Fishing – from historical to sustainable

Students: Antonella Grizotti Pfluck, Jessica Bennett-Michael and Rose Eva Ellen Hoekstra

Grilled swordfish. Spaghetti alle vongole. Shrimp scampi. Lobster tails dripping with butter. The world loves to eat fish. Globally, according to the FAO (2020), the average person consumed 20.3 kg of fish and other seafood products in 2017. But compared to other sectors of our food chain, how fish arrives on our plates remains largely a mystery. Most of it is invisible to the consumer’s eyes.
The FAO defines fishery as any activity leading to the harvesting of fish for consumption. This includes both capture fisheries (the capture of wild fish) and aquaculture (the raising of fish in farms). More importantly, where capture fisheries have levelled off in the last decades, aquaculture is expected to continue growing to supply the increasing demand of fish and seafood (Ahmed et al., 2019).

A brief history of fishing

In early societies, fishing was a rudimentary activity that involved simple instruments such as birds’ beaks for hooks and plant stalks for line (Martin, 1990). With the development of societies and the increasing complexity of human trade fishing gained in economic importance. A rise in demand implied a need to catch more and bigger fish species, resulting in a steady development of fishing gear and the creation of more efficient fishing methods.
The Industrial Revolution was an important turning point for the fishing industry. With new technology, fishing fleets became larger and more powerful thereby increasing fishing capacity enormously, not only by increasing efficiency but also by enabling the exploration of new parts of the ocean.
The next major changes came with WWII, as the post-war period is characterised by major developments in the fishing industry. Technological advancements, whose initial purpose was warfare, became available for commercial fishing, further contributing to the increase in efficiency of fishing vessels. This meant boats could now sail even faster and further into the ocean (Holm, 2022). Additionally, the lack of food alternatives in the post-WWII era increased the demand for seafood.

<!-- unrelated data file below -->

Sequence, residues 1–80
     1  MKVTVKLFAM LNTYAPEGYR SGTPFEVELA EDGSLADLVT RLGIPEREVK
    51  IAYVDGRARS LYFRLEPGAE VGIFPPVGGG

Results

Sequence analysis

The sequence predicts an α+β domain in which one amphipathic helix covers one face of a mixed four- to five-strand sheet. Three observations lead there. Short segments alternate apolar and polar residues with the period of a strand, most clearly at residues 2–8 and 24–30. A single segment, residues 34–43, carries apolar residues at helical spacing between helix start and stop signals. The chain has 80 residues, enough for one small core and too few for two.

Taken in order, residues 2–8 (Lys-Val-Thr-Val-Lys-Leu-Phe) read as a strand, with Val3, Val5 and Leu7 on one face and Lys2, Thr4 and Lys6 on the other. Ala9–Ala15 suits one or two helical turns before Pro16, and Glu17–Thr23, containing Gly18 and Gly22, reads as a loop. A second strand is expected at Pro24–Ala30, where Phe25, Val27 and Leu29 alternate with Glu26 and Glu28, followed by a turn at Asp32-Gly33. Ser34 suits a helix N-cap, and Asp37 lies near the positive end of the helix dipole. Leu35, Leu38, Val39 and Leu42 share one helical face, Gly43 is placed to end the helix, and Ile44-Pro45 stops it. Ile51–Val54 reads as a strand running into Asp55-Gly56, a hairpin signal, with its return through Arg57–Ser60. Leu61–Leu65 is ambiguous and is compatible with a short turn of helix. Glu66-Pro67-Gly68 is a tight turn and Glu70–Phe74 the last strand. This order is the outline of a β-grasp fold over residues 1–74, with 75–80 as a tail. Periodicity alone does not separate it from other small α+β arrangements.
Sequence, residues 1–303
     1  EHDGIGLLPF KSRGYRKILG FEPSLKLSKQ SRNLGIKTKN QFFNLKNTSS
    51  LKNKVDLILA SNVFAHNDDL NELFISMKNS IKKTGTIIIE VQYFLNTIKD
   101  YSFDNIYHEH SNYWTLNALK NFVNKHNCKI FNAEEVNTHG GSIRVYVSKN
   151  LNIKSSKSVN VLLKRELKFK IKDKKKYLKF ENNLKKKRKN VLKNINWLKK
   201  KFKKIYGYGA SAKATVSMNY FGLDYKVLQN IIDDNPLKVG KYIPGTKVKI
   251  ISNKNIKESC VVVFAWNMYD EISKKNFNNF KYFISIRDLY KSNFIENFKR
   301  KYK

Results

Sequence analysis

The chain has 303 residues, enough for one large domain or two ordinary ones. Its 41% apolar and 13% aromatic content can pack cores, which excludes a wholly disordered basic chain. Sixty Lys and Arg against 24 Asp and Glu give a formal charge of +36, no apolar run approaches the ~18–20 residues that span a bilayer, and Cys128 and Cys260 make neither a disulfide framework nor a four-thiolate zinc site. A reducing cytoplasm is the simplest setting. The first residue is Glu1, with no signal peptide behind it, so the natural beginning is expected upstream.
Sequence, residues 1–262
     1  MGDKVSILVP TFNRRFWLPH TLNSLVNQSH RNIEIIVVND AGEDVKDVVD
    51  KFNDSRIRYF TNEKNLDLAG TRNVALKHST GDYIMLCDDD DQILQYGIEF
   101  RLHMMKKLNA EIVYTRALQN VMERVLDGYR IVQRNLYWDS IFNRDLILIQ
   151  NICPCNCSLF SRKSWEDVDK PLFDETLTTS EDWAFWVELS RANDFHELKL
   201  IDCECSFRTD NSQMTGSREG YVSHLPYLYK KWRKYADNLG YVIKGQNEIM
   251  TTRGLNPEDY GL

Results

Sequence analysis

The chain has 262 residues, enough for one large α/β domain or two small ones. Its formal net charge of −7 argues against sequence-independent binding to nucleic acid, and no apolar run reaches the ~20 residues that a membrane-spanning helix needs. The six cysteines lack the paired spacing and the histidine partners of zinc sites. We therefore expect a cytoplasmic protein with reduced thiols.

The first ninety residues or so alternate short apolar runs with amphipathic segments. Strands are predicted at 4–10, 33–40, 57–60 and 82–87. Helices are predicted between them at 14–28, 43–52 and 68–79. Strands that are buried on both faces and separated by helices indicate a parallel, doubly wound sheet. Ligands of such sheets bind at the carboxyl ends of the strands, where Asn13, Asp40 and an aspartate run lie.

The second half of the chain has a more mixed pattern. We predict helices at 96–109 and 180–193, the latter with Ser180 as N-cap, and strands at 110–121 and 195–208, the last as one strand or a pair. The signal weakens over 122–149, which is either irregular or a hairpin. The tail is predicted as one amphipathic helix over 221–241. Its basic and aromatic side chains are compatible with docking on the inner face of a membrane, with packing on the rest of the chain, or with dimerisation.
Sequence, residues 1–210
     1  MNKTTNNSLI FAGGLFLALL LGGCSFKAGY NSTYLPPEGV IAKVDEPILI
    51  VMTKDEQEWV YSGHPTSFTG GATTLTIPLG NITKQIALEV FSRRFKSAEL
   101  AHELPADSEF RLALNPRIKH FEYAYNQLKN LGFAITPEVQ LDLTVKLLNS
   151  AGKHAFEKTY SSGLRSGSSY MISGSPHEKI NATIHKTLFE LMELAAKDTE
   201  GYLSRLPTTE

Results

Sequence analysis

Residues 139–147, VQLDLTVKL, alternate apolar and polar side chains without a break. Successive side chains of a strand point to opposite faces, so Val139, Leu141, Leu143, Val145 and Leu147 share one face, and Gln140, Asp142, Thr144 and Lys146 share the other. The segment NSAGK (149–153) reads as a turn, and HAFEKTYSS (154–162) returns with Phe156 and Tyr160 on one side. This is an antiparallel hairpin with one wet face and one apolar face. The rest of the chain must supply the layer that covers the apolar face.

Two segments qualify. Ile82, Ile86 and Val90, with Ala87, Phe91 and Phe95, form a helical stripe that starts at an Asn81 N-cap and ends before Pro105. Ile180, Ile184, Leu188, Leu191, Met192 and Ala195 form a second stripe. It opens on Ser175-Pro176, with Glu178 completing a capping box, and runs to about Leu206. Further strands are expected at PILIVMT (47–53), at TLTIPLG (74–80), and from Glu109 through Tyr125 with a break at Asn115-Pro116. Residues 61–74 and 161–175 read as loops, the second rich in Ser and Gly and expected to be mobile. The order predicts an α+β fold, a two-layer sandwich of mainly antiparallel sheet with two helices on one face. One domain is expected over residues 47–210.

Globalisation and the fishing of today 

The advances in technology, products of the Industrial Revolution and the World Wars, have shaped fisheries as we know them today. At the same time, our food chain has become increasingly globalised, and this includes fisheries (Cole, 2003). Both phenomena have enabled an incredible increase in global per capita consumption of fish: from 9.0 kg in 1961 to 20.3 kg in 2017 (FAO, 2020). The global increasing trends in consumption are expected to increase further in the coming decades, mainly due to a global rise in per capita income, which is linked to the increased consumption of proteins. 

Although these developments have served to meet the demand of fish, it is impossible to overlook some of the (environmental) problems faced by the fishing industry: for instance, the high levels of bycatch, the accumulation of discarded fishing nets in the oceans, and the overexploitation of marine resources. In short, humans cannot continue fishing the way we are today if we wish to prevent the depletion of ocean stocks. This would not only impact our food chain, but also the health of marine and aquatic ecosystems, which support planetary health. 


In this context, it becomes clear sustainable fishing is crucial. Sustainability in the context of fishing, comes down to humans removing less fish that are currently in the ocean and reproducing (Wiber et al., 2019). The concept of sustainable fishing is receiving more attention in recent years: the 2021 Netflix documentary Seaspiracy is but one example. However, it remains difficult to find the most sustainable path forward, as it is a complex problem. The field of aquaculture is seen by many as the more sustainable future to fishing, as it would provide fish to the population while limiting the damage to the natural environment. Aquaculture is the cultivation of marine species either in a land-based or ocean-based farms. There are many types of aquacultures, and a wide variety of species can be cultivated, ranging from salmon to clams, and varying levels of sustainability. Also in Italy, there is a particularly strong aquaculture sector. In Padova, La Pescheria Sotto il Salone owner, Egidio Voltolina, says farm-raised Italian fish are some of the bestselling, as his customers know it is both high-quality and low-cost.